FOR IMMEDIATE RELEASE
August 24, 2011
LA’s Neighborhood Councils Present the
Congress of Neighborhoods -
“Increasing Public Participation in Government!”
Neighborhood Council leaders from throughout the city have partnered with the Department of Neighborhood Empowerment (DONE) in bringing the 2011 LA Congress of Neighborhoods to LA’s City Hall on Saturday, September 24, from 7:45 a.m. to 4:00 p.m.
Los Angeles has 95 certified neighborhood councils and the Congress of Neighborhoods is designed by council leaders so that there is something for everybody, from curious stakeholders to new board members to seasoned veterans of the civic engagement process to city hall insiders.
The event is free, it includes breakfast and lunch, and registration only takes a moment.
There are two morning sessions and one afternoon session, filled with 21 different programs designed by neighborhood council members to be practical, how-to types of sessions that offer a broad overview of the subject and resources that support local action.
Ten of the programs cover basic information that is important for new Board members. Eleven programs cover more advanced topics designed for experienced Board members and focused subjects that will be attractive to those with special interests and talents.
The afternoon “Action Session” is a literal “Congress of Neighborhoods,” an experimental return to the intent of the City Charter Article IX, Section 901(c) provision that neighborhood councils can come together, discuss issues, and take collective action at a Congress.
Currently, the press pontificates on the neighborhood council system, bloggers challenge neighborhood council outreach, the City Attorney opines on neighborhood council elections, the City Controller audits the neighborhood councils, and the City Council entertains motions that address training and funding, and everybody seems to have an opinion on the future of the neighborhood council system except for those most impacted, the neighborhood councils.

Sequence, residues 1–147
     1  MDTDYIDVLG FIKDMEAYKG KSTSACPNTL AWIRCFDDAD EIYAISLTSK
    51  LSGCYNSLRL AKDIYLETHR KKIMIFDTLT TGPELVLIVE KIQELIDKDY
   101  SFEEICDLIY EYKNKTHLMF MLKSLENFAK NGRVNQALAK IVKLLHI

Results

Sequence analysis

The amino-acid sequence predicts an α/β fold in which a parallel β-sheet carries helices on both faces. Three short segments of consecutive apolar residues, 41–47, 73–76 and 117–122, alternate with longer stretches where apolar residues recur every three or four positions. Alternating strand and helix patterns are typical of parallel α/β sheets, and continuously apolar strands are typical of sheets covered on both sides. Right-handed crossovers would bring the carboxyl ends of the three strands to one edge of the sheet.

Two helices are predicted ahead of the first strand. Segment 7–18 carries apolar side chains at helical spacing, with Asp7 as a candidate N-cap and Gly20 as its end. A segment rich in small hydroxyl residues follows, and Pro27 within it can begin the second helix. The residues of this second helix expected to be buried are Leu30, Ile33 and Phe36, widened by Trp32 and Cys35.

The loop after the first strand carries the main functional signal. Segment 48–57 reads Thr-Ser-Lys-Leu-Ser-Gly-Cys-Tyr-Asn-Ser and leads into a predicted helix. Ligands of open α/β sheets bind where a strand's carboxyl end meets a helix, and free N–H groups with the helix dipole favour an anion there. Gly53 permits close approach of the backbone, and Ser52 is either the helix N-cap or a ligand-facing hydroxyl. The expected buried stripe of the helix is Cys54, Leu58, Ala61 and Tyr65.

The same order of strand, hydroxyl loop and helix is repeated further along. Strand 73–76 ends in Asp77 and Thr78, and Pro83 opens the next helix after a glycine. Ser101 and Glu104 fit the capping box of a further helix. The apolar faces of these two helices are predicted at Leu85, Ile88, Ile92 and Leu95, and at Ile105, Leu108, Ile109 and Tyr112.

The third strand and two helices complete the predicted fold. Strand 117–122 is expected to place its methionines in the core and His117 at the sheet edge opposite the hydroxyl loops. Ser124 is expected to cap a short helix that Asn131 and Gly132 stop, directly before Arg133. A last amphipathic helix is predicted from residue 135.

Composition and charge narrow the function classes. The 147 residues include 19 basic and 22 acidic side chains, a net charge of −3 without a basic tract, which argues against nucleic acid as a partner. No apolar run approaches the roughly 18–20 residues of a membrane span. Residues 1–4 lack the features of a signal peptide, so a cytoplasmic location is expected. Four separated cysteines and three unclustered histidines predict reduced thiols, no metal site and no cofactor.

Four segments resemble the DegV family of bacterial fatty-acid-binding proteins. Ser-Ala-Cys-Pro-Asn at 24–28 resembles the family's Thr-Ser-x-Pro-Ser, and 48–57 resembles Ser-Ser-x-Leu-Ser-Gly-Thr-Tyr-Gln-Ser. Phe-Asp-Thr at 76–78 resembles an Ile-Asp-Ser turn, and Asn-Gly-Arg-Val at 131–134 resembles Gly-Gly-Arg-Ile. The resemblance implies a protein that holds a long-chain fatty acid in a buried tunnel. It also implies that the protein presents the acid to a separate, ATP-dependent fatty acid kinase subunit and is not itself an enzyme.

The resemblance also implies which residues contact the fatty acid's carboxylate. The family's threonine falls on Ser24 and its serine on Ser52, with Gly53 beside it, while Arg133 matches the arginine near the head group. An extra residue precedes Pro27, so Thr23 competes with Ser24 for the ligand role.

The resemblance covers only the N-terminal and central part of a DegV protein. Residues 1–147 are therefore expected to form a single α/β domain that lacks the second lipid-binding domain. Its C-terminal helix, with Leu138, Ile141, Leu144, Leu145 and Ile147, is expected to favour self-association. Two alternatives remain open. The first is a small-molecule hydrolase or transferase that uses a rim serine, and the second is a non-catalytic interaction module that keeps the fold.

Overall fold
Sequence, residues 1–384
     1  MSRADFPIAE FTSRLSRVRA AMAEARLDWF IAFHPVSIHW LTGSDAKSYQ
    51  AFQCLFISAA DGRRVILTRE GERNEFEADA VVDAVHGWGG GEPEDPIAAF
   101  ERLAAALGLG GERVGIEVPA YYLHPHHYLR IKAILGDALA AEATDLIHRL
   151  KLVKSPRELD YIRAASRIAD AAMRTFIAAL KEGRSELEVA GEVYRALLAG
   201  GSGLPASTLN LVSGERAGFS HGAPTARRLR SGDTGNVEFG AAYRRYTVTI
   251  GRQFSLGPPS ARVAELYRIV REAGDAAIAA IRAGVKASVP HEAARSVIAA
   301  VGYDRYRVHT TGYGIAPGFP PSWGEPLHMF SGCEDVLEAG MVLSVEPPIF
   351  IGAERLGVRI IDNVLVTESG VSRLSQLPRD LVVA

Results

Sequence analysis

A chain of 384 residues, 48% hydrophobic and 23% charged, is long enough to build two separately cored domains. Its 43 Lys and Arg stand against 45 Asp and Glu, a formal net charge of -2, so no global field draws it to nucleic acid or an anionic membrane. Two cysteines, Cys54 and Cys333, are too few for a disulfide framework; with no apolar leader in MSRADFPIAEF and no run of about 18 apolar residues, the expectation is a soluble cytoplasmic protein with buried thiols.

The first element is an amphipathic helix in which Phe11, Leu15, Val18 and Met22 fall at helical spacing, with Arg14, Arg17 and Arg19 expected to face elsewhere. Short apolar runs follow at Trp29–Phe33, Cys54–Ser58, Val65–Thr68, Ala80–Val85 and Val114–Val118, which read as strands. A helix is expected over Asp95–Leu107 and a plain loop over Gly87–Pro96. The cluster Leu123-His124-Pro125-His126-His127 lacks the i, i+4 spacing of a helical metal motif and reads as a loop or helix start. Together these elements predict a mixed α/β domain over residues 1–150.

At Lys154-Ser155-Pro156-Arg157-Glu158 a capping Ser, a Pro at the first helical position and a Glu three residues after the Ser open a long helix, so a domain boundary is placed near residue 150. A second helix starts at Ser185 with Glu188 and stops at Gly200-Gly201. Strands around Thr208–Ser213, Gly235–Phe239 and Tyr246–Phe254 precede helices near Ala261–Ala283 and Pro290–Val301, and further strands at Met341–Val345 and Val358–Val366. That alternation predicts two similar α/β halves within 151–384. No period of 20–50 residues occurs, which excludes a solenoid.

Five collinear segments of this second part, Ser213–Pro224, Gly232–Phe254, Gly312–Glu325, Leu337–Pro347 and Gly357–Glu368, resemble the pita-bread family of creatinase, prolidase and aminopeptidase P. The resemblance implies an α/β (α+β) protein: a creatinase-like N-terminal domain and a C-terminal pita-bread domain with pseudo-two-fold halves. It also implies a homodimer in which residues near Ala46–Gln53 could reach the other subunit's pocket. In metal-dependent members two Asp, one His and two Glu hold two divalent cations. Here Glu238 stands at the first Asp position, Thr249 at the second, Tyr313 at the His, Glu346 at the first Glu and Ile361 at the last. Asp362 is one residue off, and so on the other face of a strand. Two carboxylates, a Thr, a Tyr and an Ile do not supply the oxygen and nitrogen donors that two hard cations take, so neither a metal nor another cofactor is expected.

The 2011 LA Congress of Neighborhoods puts the future of the neighborhood council system in the hands of the community by creating an environment for education, for empowerment, and for engagement. Most of all, it creates an opportunity for neighborhood councils to work together as a citywide movement.
In 1999 the voters approved a new City Charter which declared “We the people of the City of Los Angeles, in order to establish a responsive, effective and accountable government through which all voices in our diverse society can be heard; to provide fair representation and distribution of government resources and a safe, harmonious environment based on principles of liberty and equality, do enact this Charter.”
The new City Charter’s Article IX provided for the creation of the Department of Neighborhood Empowerment and a citywide system of neighborhood councils in order to “promote more citizen participation in government and make government more responsive to local needs.”
It took the threat of secession and the will of the people, but this simple mandate has resulted in a current roster of 95 neighborhood councils, including Wilmington and Coastal San Pedro which are approaching their 10th birthdays on December 11, 2011.
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